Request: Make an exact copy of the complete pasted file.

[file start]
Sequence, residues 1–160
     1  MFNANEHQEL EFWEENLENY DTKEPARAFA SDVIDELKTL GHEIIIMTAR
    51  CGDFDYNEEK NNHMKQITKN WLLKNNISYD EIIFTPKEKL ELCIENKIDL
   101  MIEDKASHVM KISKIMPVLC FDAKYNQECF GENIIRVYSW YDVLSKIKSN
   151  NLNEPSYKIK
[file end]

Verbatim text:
Sequence, residues 1–160
     1  MFNANEHQEL EFWEENLENY DTKEPARAFA SDVIDELKTL GHEIIIMTAR
    51  CGDFDYNEEK NNHMKQITKN WLLKNNISYD EIIFTPKEKL ELCIENKIDL
   101  MIEDKASHVM KISKIMPVLC FDAKYNQECF GENIIRVYSW YDVLSKIKSN
   151  NLNEPSYKIK